The water park of our youth
Published 8:05 pm Tuesday, May 30, 2017
EDITOR’S NOTE: To celebrate the end of the school year, we dusted off an old 2007 Short Rows that recalled the water park of our youth. Enjoy the summer.
Long before there was a Water Country or Great Wolf Lodge, there was Lake Ahoy, and to youngsters growing up in what might be viewed as a rather sheltered environment, it was a splendid place.
We had Jones Creek and Johnson’s Beach, of course, but like teens of every era, were open to that which was new and exciting.
And so, in the years that we weren’t carried — or herded, perhaps — into the arms of living history at Jamestown, Yorktown and Williamsburg, we all-too-typical youngsters would opt for a class picnic at this wonderful little manmade lake in what is now the city of Chesapeake.
Of course, these were pre-and early teen years, or BDL — that’s before drivers’ licenses. So we were at the mercy of our mothers, who volunteered at the end of the school year to provide transportation for more than five dozen youngsters in a class eager for a picnic. It takes little imagination to wonder what the School Board’s reaction today would be to a field trip where transportation for an entire class was by private vehicle.
By today’s standards, Lake Ahoy wasn’t much, really. It was a manmade lake several acres in size, fed by an artesian well, which I always assumed was free-flowing.
Much of the lake was a shallow three to four feet deep, surrounded by a gently sloping — again, manmade — beach. Giant (by our standards) slides and a cable ride that would make today’s insurance companies hyperventilate provided thrills and the hope, for the boys, that the girls were watching.
A deep diving pool surrounded by a pier and diving boards rounded out this insurance liability waiting to happen. And we loved every inch of it.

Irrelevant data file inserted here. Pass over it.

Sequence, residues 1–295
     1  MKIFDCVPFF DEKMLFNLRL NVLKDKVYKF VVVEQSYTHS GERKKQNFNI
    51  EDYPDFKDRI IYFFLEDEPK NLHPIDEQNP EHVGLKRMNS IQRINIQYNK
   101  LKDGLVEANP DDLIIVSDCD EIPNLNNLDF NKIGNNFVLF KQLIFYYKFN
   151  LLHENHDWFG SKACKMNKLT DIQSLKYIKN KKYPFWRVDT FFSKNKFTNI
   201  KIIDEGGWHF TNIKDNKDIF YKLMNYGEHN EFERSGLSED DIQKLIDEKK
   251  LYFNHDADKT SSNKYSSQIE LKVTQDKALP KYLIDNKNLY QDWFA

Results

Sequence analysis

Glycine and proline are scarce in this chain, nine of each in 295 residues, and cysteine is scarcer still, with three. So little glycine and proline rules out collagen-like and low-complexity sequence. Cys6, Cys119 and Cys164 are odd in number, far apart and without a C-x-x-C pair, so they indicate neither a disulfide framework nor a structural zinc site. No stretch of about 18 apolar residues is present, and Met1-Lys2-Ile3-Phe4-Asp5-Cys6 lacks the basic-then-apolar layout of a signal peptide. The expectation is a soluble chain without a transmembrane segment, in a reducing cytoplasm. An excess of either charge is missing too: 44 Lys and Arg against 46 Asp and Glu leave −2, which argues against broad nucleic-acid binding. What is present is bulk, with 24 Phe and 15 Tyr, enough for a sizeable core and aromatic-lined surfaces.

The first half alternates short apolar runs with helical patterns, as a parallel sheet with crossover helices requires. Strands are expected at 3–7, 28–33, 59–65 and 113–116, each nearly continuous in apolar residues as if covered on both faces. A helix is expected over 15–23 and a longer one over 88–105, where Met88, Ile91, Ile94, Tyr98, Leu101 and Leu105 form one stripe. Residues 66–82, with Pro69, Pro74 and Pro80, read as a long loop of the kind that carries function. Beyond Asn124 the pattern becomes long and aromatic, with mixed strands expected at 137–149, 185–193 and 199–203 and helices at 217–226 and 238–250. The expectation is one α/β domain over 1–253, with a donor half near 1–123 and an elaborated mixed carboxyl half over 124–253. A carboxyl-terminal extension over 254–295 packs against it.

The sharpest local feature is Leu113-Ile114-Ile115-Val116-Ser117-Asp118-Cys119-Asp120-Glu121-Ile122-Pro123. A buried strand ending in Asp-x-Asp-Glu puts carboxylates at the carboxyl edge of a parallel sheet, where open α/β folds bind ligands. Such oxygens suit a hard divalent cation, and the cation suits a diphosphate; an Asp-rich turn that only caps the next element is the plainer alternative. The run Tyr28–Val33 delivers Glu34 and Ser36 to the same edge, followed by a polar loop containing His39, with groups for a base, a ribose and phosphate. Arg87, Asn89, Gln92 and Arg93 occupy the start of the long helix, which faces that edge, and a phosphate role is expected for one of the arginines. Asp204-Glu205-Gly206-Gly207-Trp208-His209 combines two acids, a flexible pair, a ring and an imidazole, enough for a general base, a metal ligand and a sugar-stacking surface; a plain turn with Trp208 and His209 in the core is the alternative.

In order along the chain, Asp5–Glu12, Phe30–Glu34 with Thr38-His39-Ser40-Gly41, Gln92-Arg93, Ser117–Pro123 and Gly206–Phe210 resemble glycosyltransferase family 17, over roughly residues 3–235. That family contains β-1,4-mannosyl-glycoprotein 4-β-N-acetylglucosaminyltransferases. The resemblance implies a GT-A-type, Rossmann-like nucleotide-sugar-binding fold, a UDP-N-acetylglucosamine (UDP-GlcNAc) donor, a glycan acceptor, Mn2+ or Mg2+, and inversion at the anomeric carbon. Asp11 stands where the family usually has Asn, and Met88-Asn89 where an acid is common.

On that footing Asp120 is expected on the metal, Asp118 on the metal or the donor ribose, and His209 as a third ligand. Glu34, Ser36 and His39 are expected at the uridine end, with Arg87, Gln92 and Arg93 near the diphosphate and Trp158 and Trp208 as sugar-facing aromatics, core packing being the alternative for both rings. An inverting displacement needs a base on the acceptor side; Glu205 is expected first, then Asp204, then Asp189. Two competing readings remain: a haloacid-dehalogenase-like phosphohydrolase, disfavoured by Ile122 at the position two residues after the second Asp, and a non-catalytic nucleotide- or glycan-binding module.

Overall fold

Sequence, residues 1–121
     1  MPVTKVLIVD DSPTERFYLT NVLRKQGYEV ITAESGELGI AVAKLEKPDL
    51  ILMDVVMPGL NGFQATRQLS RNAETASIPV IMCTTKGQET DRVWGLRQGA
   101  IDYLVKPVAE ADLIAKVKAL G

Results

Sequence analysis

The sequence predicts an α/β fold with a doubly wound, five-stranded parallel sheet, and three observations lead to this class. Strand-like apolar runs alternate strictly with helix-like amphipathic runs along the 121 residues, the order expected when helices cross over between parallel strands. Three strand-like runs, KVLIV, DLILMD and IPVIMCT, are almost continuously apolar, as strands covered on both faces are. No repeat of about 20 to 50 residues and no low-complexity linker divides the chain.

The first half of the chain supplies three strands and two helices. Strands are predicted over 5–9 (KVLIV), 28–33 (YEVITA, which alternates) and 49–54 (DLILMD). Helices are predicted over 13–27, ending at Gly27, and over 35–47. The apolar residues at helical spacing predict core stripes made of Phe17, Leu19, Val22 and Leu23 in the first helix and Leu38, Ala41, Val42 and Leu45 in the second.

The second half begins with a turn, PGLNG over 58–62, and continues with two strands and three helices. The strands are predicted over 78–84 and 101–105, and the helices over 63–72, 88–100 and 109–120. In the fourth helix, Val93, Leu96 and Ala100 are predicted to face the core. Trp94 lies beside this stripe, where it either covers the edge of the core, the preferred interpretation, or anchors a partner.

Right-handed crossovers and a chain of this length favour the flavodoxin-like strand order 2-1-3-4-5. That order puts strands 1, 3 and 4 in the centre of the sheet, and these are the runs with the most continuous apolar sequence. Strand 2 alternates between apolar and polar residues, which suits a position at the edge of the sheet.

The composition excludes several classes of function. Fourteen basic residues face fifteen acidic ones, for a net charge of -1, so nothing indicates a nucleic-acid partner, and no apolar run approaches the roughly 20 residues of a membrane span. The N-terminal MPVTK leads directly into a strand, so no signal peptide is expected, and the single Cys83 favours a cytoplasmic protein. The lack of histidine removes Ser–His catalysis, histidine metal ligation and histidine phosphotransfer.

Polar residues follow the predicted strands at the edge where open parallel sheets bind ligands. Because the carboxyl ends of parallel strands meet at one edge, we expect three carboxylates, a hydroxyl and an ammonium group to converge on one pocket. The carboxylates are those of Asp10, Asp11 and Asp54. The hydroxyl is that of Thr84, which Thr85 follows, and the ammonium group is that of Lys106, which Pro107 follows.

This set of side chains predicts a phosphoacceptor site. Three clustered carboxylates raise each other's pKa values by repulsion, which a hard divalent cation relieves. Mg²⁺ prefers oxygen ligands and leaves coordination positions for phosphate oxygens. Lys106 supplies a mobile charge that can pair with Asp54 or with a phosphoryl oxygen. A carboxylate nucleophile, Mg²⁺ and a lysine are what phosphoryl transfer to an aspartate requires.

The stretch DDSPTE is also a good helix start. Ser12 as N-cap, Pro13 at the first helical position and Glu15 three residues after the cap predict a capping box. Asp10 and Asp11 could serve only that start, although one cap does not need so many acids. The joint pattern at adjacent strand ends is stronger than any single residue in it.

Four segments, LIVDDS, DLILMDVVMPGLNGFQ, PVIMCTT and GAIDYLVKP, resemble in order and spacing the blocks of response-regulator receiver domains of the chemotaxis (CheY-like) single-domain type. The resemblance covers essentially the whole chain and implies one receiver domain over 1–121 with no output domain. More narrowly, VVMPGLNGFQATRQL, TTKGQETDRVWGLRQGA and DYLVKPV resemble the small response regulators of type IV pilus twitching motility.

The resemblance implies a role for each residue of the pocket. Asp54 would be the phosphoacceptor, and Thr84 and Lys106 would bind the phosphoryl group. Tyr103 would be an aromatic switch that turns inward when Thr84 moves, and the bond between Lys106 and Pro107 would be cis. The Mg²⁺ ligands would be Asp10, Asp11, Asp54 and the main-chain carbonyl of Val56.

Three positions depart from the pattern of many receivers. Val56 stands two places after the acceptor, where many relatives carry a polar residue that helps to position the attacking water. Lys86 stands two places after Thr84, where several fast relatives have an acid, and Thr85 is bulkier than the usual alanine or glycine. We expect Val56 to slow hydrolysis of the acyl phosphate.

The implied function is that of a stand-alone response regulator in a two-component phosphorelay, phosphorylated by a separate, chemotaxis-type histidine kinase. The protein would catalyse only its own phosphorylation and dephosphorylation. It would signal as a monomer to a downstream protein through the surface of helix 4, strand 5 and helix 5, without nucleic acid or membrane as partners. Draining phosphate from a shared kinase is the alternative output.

A simple concrete block building offered snacks, pinball (our version of a video arcade) and the ever-active juke box. I distinctly remember that if you were barefoot and your feet were damp, which they always were, the jukebox would give you a pretty good tingle. The trick was to drop the coin in the slot without touching the metal coin receptacle, and then gently touch the plastic covered — and thus safe — command keys. In exchange for daring the machine to jolt you, there was the latest musical jolt from Elvis, Jerry Lee Lewis or Chuck Berry. And we did dare it — repeatedly. The jukebox was rarely silent.
There were other summer entertainment options also in those days. Buckroe Beach and Ocean View stand out. Ocean View had the biggest roller coaster in Virginia at the time, but Buckroe seemed to be favored by many families and church groups as a bit more family-oriented. (I think that meant fewer sailors in a day when Norfolk was unabashedly Norfolk.) Buckroe also had one really classy carousel, and when the park was eventually demolished in the 1970’s, the city of Hampton bought and restored this masterpiece. It sits today next to the Air and Space Museum.
But Lake Ahoy stood alone for teenage fun. It was new, different and it was ours in those days. It was true entrepreneurship, an idea hatched by a family to serve a population just beginning to grow and looking for modern entertainment options. And it was a local favorite.